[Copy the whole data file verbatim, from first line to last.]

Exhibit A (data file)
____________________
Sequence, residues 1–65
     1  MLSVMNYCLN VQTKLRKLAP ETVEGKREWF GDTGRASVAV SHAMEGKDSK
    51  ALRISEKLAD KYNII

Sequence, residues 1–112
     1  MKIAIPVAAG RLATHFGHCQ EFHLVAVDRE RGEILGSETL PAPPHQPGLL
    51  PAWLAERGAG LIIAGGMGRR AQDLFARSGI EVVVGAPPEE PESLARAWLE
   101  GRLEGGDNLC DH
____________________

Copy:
Sequence, residues 1–65
     1  MLSVMNYCLN VQTKLRKLAP ETVEGKREWF GDTGRASVAV SHAMEGKDSK
    51  ALRISEKLAD KYNII

Sequence, residues 1–112
     1  MKIAIPVAAG RLATHFGHCQ EFHLVAVDRE RGEILGSETL PAPPHQPGLL
    51  PAWLAERGAG LIIAGGMGRR AQDLFARSGI EVVVGAPPEE PESLARAWLE
   101  GRLEGGDNLC DH